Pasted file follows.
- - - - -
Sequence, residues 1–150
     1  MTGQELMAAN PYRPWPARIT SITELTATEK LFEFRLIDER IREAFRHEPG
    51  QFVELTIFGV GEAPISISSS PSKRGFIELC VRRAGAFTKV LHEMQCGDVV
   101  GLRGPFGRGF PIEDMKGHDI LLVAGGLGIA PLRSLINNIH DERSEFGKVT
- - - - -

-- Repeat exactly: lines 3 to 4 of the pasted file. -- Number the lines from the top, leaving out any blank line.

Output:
    51  QFVELTIFGV GEAPISISSS PSKRGFIELC VRRAGAFTKV LHEMQCGDVV
   101  GLRGPFGRGF PIEDMKGHDI LLVAGGLGIA PLRSLINNIH DERSEFGKVT